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London bombings of 2005 a 'threat we still face'

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London bombings of 2005 a 'threat we still face'


On the morning of 7th July, 10 years ago in London bombs were detonated on a bus and three underground trains.

Britain has been commemorating the 52 people killed in the country’s worst terrorist attack.

Four young British Muslims set off rucksacks of explosives on a double-decker in Tavistock Square, and on the Tube, at Russell Square, Edgeware Road and Aldgate.

Prime Minister David Cameron and Mayor of London Boris Johnson laid floral tributes at the 7/7 memorial in Hyde Park.

Cameron said: “It’s a day when we recall the incredible resolve and resolution of Londoners and the United Kingdom. A day when we remember the threat that we still face. But above all it’s a day when we think about the grace and the dignity of the victims’ families, for all they’ve been through.”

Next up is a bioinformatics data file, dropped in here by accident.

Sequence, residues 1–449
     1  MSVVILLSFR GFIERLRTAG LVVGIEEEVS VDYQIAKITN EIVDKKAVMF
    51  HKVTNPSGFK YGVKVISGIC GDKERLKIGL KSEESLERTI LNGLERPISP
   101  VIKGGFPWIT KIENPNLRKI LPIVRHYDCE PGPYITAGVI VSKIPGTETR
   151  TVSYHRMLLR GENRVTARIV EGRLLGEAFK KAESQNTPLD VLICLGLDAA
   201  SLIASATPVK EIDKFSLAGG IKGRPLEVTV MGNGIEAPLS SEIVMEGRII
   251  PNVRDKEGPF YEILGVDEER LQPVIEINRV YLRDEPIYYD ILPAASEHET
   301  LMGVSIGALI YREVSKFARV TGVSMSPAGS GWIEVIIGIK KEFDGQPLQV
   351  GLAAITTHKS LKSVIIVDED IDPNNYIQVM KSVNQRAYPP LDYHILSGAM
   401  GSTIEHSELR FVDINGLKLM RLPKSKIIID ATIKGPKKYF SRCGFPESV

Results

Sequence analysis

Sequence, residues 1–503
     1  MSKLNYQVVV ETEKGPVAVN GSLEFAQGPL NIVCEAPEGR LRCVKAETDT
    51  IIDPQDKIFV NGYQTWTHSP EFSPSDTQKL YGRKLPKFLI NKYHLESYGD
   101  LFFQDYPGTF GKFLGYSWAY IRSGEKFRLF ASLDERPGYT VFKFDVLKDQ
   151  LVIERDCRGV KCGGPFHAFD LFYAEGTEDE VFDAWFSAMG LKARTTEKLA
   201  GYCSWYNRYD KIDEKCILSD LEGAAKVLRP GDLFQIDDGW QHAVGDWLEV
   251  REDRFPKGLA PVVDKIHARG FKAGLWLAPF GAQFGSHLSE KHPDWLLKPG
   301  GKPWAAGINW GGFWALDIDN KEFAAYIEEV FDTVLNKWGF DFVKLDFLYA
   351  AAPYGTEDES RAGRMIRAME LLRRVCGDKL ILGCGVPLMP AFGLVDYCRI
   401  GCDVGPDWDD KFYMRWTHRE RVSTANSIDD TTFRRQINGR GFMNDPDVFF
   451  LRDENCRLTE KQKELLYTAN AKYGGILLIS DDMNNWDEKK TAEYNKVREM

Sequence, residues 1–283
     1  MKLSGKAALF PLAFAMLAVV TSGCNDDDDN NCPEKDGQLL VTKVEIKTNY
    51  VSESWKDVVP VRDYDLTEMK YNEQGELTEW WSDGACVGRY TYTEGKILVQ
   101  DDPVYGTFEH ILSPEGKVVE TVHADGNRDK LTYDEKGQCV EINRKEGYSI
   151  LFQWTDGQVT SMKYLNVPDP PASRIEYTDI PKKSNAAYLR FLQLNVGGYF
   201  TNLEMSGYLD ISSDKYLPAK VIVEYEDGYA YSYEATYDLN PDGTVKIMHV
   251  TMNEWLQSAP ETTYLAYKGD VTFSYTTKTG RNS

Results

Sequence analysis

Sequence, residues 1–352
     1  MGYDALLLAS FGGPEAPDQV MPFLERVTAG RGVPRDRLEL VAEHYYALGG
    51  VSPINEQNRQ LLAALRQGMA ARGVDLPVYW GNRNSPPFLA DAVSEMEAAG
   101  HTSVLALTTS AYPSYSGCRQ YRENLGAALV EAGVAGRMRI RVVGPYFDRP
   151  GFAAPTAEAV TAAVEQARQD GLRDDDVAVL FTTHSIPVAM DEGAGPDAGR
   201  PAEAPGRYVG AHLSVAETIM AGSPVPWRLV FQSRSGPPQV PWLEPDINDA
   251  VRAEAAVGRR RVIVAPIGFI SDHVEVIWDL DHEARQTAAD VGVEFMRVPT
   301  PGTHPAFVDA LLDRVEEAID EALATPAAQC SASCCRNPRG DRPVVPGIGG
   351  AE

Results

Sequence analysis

More than 700 people were physically injured in the attacks. Gill Hicks was right next to her train bomber. Her legs were amputated below the knees.

Hicks said: “How has the taking of my legs, and more importantly how is the taking of innocent lives, ever going to further anybody’s cause? I see no outcome from the terrible tragedy that we saw here in London 10 years ago, and indeed continue to see throughout the world.”

Many people rescued from the carnage have suffered long-term psychological damage. And there are the relatives of those who were killed and hurt.

Esther Hyman said: “I heard that there had been an explosion on a bus, and I thought, well, my goodness, if there are explosions on the Underground and then on a bus, who knows where it’s going to end. But of course I didn’t realise at that time that my sister was actually on that bus.”

A special service was held at Saint Paul’s Cathedral. First responders and the bus driver carried symbolic candles.

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